But more basically, Samuelson is doing a bit of straw man–weak man actually–and a bit of ad hominem circumstantial. It’s a weak man because he picks on the weakest of the pro-health reform moral arguments. There are other good moral reasons to support health care reform, and they involve arguments against the very real threat of medical bankruptcy, recision, denial of coverage of pre-existing conditions, and so forth.

The ad hominem accompanies the weak man–so weak are these arguments (which Samuelson has imputed to pro-reform people), that they must rather be dishonest attempts to score political points. Now that’s just a double-wammy. It’s a bit like saying this: “the weak argument I have dishonestly imputed to you is so bad that I question your honesty in making it.”

On the arguments against the specific plan, I’d say Samuelson needs to look beyond anti-reform sources of analysis and information. It’s a fair question whether the current plans being discussed will help, so we ought to have an honest discussion of that. But that perhaps is just hoping for too much.

But let me close by going back to something Samuelson said in defense of his poorly thought-out defense of the Iraq invasion:

But I am certain — now as then — that budget consequences should occupy a minor spot in our debates. It’s not that the costs are unimportant; it’s simply that they’re overshadowed by other considerations that are so much more important. We can pay for whatever’s necessary. If we decide to do less because that’s the most sensible policy, we shouldn’t delude ourselves that any “savings” will rescue us from our long-term budget predicament, which involves the huge costs of federal retirement programs. Just because the war is unpopular doesn’t mean it’s the source of all our problems.

Other considerations that are much more important. Indeed.

Profits good

I'm sure Stephen L. Carter is a smart guy, but his opinion piece in the Washington Post today is unquestionably silly.  Here's how it begins:

A specter is haunting America: the specter of profit. We have become fearful that somewhere, somehow, an evil corporation has found a way to make lots of money.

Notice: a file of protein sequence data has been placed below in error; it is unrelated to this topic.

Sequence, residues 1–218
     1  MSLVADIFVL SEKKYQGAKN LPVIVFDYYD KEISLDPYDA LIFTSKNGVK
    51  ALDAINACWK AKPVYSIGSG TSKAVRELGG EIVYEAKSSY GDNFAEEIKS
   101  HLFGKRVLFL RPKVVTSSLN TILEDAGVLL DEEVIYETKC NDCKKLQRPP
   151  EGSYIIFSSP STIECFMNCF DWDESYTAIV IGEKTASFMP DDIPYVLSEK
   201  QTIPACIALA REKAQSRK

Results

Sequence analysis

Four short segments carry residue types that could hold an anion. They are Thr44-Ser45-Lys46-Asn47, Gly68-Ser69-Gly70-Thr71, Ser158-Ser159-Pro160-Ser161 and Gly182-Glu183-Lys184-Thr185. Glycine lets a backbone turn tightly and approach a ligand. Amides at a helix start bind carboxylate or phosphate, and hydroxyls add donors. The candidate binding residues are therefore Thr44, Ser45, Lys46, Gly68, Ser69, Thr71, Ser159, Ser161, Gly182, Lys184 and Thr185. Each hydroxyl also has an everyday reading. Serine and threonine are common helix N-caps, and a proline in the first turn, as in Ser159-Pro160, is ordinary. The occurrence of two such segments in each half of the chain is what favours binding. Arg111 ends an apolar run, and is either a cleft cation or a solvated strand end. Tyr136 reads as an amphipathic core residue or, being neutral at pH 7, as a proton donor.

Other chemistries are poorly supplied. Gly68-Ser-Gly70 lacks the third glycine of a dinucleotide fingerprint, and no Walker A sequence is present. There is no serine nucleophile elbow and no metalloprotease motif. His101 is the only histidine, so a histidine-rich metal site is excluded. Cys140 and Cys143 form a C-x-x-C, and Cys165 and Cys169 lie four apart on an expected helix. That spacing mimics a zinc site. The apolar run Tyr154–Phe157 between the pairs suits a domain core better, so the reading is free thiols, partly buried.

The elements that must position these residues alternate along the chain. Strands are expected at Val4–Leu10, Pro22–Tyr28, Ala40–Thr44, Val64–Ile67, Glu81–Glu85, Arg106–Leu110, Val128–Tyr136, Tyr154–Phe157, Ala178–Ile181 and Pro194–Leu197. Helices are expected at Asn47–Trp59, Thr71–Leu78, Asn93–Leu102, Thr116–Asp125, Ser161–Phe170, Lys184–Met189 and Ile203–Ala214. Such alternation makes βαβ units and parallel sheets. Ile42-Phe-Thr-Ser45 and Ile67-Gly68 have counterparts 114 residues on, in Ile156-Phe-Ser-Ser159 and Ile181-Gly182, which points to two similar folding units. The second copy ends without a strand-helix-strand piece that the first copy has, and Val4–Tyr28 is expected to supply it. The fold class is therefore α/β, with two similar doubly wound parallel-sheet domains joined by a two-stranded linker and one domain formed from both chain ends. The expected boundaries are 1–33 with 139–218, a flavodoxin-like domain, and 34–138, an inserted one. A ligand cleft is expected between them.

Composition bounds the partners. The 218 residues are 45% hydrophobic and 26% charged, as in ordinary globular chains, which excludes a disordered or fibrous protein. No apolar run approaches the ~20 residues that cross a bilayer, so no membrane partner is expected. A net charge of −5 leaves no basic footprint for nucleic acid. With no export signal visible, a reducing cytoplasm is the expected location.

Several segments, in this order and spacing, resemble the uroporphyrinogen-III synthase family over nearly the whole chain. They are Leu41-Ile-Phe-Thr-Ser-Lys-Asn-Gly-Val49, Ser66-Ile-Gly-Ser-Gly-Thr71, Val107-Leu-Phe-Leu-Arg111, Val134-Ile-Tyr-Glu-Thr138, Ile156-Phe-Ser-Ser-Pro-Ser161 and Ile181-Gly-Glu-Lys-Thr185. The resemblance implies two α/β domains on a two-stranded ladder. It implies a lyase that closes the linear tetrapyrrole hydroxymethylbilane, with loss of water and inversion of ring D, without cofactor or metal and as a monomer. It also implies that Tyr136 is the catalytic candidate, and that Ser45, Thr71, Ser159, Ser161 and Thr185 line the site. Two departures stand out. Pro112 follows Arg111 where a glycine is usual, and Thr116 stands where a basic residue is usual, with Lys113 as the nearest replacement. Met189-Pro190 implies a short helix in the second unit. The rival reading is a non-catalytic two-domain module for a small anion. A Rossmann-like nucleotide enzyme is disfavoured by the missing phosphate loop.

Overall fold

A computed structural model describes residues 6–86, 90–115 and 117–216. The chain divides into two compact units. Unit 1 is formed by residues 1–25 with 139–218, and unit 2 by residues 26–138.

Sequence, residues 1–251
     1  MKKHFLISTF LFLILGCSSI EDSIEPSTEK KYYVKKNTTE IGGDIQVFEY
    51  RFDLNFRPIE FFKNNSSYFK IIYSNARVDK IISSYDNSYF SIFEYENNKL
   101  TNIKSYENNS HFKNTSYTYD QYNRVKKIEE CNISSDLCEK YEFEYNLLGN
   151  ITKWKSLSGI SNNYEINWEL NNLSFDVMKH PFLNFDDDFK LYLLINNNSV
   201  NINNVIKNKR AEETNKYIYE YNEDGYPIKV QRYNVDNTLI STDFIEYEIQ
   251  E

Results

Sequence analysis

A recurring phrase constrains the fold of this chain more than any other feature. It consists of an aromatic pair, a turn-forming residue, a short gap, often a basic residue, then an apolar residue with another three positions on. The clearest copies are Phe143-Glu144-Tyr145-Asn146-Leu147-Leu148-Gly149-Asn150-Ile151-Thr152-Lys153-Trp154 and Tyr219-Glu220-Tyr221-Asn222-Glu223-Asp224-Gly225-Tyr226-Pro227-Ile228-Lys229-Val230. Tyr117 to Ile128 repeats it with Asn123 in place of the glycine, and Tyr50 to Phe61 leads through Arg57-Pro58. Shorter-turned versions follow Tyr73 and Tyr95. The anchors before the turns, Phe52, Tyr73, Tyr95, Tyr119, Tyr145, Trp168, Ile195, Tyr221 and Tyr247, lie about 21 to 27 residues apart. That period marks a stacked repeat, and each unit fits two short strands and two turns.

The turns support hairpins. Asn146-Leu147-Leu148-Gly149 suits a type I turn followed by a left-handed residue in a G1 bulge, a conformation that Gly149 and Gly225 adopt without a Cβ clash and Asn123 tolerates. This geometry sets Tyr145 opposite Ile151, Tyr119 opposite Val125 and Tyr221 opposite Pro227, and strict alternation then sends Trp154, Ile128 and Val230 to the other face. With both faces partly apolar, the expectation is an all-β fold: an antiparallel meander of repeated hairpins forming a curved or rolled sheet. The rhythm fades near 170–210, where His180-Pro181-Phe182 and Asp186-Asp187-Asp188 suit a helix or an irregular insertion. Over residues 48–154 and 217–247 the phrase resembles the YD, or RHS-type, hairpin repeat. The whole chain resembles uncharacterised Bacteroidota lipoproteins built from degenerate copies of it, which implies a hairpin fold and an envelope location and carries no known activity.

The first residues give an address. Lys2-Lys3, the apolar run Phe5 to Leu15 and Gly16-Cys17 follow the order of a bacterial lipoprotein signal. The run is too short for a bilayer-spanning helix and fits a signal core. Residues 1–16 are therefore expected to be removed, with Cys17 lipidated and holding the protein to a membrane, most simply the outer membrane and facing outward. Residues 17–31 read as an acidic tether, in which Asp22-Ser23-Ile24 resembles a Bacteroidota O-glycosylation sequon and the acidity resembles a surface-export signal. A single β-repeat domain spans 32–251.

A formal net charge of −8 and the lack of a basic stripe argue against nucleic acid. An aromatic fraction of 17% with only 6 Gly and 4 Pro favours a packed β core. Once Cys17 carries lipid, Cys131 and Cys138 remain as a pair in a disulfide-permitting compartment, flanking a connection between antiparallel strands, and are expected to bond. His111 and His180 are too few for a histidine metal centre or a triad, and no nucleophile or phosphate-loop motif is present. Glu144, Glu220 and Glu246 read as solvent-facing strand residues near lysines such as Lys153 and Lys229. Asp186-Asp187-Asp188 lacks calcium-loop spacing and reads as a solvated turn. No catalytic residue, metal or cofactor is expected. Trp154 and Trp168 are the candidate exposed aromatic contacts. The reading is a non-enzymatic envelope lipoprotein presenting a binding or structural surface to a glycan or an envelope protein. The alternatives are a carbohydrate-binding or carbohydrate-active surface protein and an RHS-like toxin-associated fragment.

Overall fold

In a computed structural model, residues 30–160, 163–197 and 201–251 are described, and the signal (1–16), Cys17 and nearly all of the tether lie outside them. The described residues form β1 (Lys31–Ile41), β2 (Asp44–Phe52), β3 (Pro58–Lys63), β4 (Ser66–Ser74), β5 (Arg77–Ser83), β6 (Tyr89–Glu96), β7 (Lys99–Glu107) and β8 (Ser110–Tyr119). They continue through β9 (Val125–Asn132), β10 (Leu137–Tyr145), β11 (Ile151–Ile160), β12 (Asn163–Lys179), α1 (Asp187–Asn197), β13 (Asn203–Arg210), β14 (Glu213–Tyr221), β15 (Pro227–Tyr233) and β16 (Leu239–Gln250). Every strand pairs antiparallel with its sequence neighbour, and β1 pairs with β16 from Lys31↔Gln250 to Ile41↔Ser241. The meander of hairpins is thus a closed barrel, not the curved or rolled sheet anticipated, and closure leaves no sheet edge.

Ok–who can see the problem?  Is it profits simpliciter (I used the Latin phrase since we're talking about a Yale law professor's thoughts here)?  High profits?  Or, perhaps, are we talking about disproportionately high profits earned when people don't make disproportionately large amounts of money?  I'm confused.  But let's continue.

Flash back three years. In 2006, Exxon Mobil announced the highest profit in the history of American corporate enterprise. Politicians and pundits stumbled over each other to call for an investigation and for some sort of confiscatory tax on the money the company earned. Profit, it seemed, was an evil, but large profit was even worse.

Again, I wonder, was it the simple fact of their making a profit, or was it there making a certain kind of profit.  Those, I think, are different propositions.  And indeed, when one considers the amount of public treasure (US military) spent on making Exxon's private wealth secure, one wonders whether it's fair for Exxon to reap rewards incommensurate with their contribution to the res publica, the public thing (Latin again).

Today, the debate on the overhaul of the health-care system sparks a shiver of deja vu. The leitmotif of the conversation about the coming shape of health insurance is that the villain is the system of private insurance. "For-profit" firms come under constant attack from activists and members of Congress.

Thus, a recent news release from the AFL-CIO began with this evidently alarming fact: "Profits at 10 of the country's largest publicly traded health insurance companies rose 428 percent from 2000 to 2007." Even had the figures been correct — they weren't — we are seeing the same circus. Profit is the enemy. America could be made pure, if only profit could be purged.

This attitude was wrong in 2006. It is wrong now. High profits are excellent news. When corporate earnings reach record levels, we should be celebrating. The only way a firm can make money is to sell people what they want at a price they are willing to pay. If a firm makes lots of money, lots of people are getting what they want.

Again–profits, high profits, disproportionate profits, and now profits illegitimately gained.  The problem with the high profits of the insurance companies is that they depend on their not paying claims–on their denying people the insurance that they have paid for (or charging a lot for very little).  Further, it's wrong to talk of "price their willing to pay" when it comes to insurance–one typically has little to no choice in the amount one has to pay or to whom one pays it.

This argument is already so bad that it's not worth continuing to criticize it–the rest goes on to argue that profit is good (including price gouging during natural disasters!).  But no one, save for a few college socialists (and really not even them) denies that profit simpliciter is a positive thing.  They just hold that profits of certain types and quantities are not necessarily a good thing–case in point, health insurance.  The confusion at the beginning makes this argument a case of equivocation, but the fact that the argument sets up a non-existent opponent makes it a very nice case of a hollow man (with a bit of weak man and classic straw man).  In other words, awesome take down, professor Carter, of an argument no one has seriously made.